August 22, 2013 10:24 pm OK! Well, there's a lot to be getting on with here. I'll try to respond to you as best as I can. Apologies if I miss anything out... I guess I'll start with the 'core being' (or soul, if you will, of Superman). In my opinion, based on nothing more than a lifetime of enjoying his adventures: Superman is a dream come true, a sci-fi folk hero for modern times, a visionary riposte to the madness of war and depression. An answered prayer. He exists to prove that Human beings can accomplish anything we set our minds to. Superman is driven by an intense, profound love for mankind and the majority of its endeavors (excluding war, profiteering etc). Endowed with the powers of a God from an early age, he is a being of supreme gentleness and kindness. He is, by necessity, a creature of restraint. He is also a very patient person. Superman hates bullying of all kinds and resents inequality a great deal, but he does not hate those who perpetrate these things. He is tolerant, noble and true to himself at all times. He's the big brother who could totally kick your ass, but you know he never will. What he represents is not about powers, a costume or any of the other distracting things that catch our eye. Superman represents us at our very best, the inner hero which is locatable in every single Man, Woman or child. He is here to show us a better way. In short, he is hope given solid form. Am I projecting? Probably. Can you point to a hundred stories where Superman disobeys these edicts? Perhaps. However, I would argue that Superman breaks pretty much all of these in MoS, often for very spurious reasons. This probably explains why I hated that movie so much (besides the horrible directing, godawful, exposition-filled script and unapologetically stolen visuals, that is). How can he allow his father to die, only to disobey his father's dying wish for the rest of the story? Why doesn't he care about anyone who accidentally dies whilst he's smashing buildings and tearing up roads? In keeping with the film's theme of 'realism' the death toll caused by Superman alone would amount to genocide. Why doesn't he worry about saving the people who are dying all around him? Snyder had that part down in Issue 2 of 'Unchained'. Why are his major worries to do with self pity as opposed to protecting and nurturing mankind? Why not float off the ground gently rather than destroying all roads? Why is he so scared, unimaginative and weak that he can find no recourse other than to kill General Zod? I have faced many enemies in life and have thus far killed none of them. I expect the same from Superman. I could go on forever, but the point is that the Superman of MoS was motivated by fear and self pity instead of love for all mankind. That made him the polar opposite to the Superman that I believe in. It allowed him to kill and cringe and whine and scream and destroy. None of those things are the actions of a man motivated by love. Some will argue that this is a younger, inexperienced Superman. But I don't buy it, there are better ways to tell that story. The recent 'Superman: Earth One' books spring immediately to mind. Just because the movie ripped the few good points wholesale from good comics does not guarantee its authenticity. My brother played me a horrific dance music track that sampled the opening salvo from 'Kick out the Jams' by The MC5 on Saturday, it did NOT make the song good. When I said that Hollwood wasn't trying anything new, I meant in the sense of exploring new franchises. For example, the Superman of MoS would work better under a different name, because he is not the traditional Superman (by which I mean that he does not display the elements above which are common to most, if not all, iterations of the character), they could have released it as something else and started a new franchise, but instead they called it 'Superman'. Hollywood is, however, not doing anything new by rapidly re-interpreting established characters as being 'younger' edgier' or 'darker' - it has all come before. I have spoken about America elsewhere on this site. As a British person, I love American people, but I have serious doubts over American foreign policy. I don't really want to get into that one now, though. However, I still think that Nolan's quote reads like pseudo-intellectual doublespeak for "yeah, this movie stinks, but then again, the world is really effed-up, so just focus on that instead". I don't think Nolan 'gets' comic books. Not a popular opinion I'm sure, but that's how I see it. I am also done on MoS as of now, but it has been a genuine pleasure discussing it with you. You have made me think and re-consider my opinions on the movie, even though I landed right back where I left off. Thank you for an alternate (and very well argued) opinion. I hope people from both sides of the debate read and consider what was said in this thread. We appear to have learned how to disagree without being violently disagreeable. lol. The nation that produced the Man who spoke those words can't be that bad a place, can it?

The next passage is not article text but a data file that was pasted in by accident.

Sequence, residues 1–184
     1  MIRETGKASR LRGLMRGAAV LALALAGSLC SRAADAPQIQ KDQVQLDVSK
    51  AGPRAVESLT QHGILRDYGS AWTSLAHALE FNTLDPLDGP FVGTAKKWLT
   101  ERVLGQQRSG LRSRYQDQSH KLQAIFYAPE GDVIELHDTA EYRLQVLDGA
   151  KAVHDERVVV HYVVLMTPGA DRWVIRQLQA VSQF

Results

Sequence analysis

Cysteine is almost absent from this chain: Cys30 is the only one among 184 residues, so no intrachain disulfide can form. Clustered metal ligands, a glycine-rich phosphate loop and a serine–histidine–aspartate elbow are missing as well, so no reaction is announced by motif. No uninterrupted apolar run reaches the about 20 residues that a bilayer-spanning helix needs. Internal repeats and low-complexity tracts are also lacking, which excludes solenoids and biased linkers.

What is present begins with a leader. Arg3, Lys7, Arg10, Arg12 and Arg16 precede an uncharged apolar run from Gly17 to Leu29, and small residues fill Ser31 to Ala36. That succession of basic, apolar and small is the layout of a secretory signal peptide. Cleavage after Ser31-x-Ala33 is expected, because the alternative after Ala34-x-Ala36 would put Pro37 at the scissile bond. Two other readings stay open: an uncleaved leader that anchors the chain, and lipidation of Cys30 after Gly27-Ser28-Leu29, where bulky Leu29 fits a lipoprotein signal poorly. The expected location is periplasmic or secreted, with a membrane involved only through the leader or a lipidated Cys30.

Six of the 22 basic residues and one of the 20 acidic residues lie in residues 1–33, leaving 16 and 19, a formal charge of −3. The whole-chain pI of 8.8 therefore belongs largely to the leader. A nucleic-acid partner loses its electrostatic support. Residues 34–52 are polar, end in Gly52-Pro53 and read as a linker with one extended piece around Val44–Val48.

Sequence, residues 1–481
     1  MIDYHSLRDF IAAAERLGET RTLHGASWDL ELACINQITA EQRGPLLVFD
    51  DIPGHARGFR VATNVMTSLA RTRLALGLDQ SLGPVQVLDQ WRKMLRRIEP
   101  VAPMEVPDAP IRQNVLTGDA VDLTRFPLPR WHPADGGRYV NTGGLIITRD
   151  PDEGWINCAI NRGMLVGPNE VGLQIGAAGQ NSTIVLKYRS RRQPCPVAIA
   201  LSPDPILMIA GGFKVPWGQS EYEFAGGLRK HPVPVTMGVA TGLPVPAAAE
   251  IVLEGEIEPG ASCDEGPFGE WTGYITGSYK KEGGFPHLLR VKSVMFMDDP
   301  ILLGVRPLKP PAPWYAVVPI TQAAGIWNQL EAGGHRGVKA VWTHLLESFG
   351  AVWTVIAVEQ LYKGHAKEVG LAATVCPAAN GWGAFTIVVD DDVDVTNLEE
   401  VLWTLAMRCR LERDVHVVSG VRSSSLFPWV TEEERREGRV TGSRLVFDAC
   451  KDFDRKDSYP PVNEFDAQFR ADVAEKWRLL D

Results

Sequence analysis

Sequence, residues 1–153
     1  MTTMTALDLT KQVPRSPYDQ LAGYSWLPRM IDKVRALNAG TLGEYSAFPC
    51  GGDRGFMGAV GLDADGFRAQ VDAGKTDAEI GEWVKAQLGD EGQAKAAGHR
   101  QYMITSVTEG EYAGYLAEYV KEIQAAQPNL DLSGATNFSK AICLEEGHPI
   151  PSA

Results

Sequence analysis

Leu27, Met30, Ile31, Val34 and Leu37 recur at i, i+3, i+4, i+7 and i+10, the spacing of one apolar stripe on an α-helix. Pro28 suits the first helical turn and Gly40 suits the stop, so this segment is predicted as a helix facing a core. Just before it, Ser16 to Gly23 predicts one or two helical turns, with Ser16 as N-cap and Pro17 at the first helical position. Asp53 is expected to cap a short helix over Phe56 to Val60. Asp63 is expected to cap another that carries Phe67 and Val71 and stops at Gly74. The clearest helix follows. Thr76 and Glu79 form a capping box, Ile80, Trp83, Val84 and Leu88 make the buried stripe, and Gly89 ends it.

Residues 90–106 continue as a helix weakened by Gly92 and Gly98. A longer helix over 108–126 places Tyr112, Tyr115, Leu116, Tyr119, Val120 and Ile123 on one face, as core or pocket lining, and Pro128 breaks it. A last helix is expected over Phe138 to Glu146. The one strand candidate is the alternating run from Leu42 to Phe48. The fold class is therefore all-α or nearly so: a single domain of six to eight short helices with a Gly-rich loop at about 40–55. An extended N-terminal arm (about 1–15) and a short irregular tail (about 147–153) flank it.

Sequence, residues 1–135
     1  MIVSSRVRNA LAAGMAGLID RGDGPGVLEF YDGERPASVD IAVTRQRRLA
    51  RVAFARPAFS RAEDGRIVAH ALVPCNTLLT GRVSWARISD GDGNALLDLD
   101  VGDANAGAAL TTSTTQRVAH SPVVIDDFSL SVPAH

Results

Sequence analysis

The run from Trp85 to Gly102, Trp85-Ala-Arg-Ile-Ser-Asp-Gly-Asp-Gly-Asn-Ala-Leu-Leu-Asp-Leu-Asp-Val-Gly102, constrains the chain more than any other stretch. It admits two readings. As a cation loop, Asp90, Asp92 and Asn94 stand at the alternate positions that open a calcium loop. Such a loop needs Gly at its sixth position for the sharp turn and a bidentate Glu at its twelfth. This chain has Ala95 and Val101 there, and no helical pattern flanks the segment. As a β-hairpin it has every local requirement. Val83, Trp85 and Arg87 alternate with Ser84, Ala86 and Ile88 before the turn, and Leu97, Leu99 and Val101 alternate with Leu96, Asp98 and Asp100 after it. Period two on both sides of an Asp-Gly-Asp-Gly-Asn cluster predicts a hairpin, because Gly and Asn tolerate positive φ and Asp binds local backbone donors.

August 22, 2013 7:39 pm Hey, Itho. Sorry I ran out on our last conversation. I was enjoying it, but in the last week I barely had time to fart, much less contribute to my favorite comics site. I wasn't making any kind of dig at you at all (sorry if it came off this way) in my previous post, but you know my feelings regarding 'Man of Steel'. I was just trying to point out that the overly dark take on the character simply feels wrong to me. As far as I can see, DC's movies will flounder and divide their audience (just as MoS did) until they embrace that childlike sense of wonder and optimism that originally spawned them. Also, I have no problem whatsoever with new takes on characters, as long as those new readings are respectful to the 'core being' of the character in question. Radically altering a character without leaving anything recognizable for the fanbase is not really a revision, it is the creation of a separate character. Characters are not reborn via this method, they are more often than not damaged by it. In our recession-hit film industry, Hollywood is simply not out to try anything new. They are an industry and they need to make money, like all other industries. Frankly, we're lucky that they produce any art at all. It is a testament to the talent of great actors, directors and producers that good films are still being made in this day and age. The studios latch on to established brand names and proven money spinners, just as they always have done, but with far less emphasis on storytelling and far more emphasis on marketing. Instead of sequels, they churn out 'reboots' which are, essentially, remakes or, if you like, new movies with the same title as old ones. For example, J.J Abrams 'Star Trek' has little, if anything, in common with the Gene Roddenberry series and would, artistically, have been better served as being ever-so-slightly re-written and released under a different title. However, if that had been the case, the script would never have been filmed at all, because it would represent a huge expenditure on an unproven product. Before the reboot trend was the 'Prequel' era, beginning, in earnest, with 'The Phantom Menace'. Reboots are just prequels that don't have to make canonical sense. That's all. They are sequels that don't count as sequels. There is nothing new or challenging about them. It is just, what I call 'focus-group film making'. Very rarely are these movies any kind of genuine attempt to revive a flagging franchise, but rather an attempt to beat an already expired equine, if you'll permit the expression. Essentially, as Human beings, we enjoy the same stories being re-told and re-purposed over and over again. There isn't anything intrinsically wrong with this, its the reason that we have ancient mythology, enduring ballads and even the bestseller lists; it does bother me, however, when a studio calls for a radical revision to be enacted upon a character that has remained consistently popular in all forms of media throughout the decades for no other reason than to sell a movie on controversy rather than its artistic merits. I write this not to change your mind (even if I could, I wouldn't try), but simply to illustrate my own viewpoint a little better. Anyway, I don't think any modern comics reader or movie goer really minds a character revision or 'tweak' here and there, but they baulk when a character is rendered as completely unrecognizable. Watching MoS was, for many fans, the equivalent of picking up an issue of 'Green Lantern', only to find that Alan Scott was now Hal Jordan, without the benefit of being told that they were distinct characters. The anger and outcry further serves, not to prove that the naysayers are stuffy old purists crying into their decades old Curt Swan comics, but to demonstrate exactly how well-loved the existing version of the character really is (and, by association, how a radical reboot was not a sound strategy for success). As for the Superman/America metaphor, I'm afraid that, in my opinion, is just rhetorical nonsense from a film maker who excels at making himself seem far smarter than he actually is. PS - Apollonian and Dionysian are alternate schools of thought, dating back to antiquity. The terms are used as 'catch-alls' for any 'button-down vs get-em-out' debate, as well as a number of other areas and are often applied to art and political thought. I hope you are well (and that you aren't mad at me for leaving our chat without saying goodbye). @LBolt - I agree. It does feel weird that these characters are appearing in very adult movies. Superheroes really ought to be kid friendly. I wouldn't let my (hypothetical) kids watch 'The Dark Knight' even though I think its a great movie. They can grow up with Adam West and TAS, just like I did, dammit! @Nightwing - Yeah, sorry I was away for so long. I believe, very, very strongly that our popular media should be sending out messages of hope and optimism - exactly the kind that Superman embodies. I think that the zeitgeist will swing this way within five years (based on current industry/artistic trends and my own 'gut feelings' as an artist) and that DC/Warners really missed a trick by not delivering a movie that delivered on the superhero promise of a better tomorrow. Had MoS come out 5-10 years ago, when 'emo' culture was being debated on the news and Eminem and Slipknot were selling units like it was a bodily function, the film would have turned a huge profit and been a hit. However, in the media industry, timing is everything. Warners can learn from their mistakes, or not, we'll have to wait and see...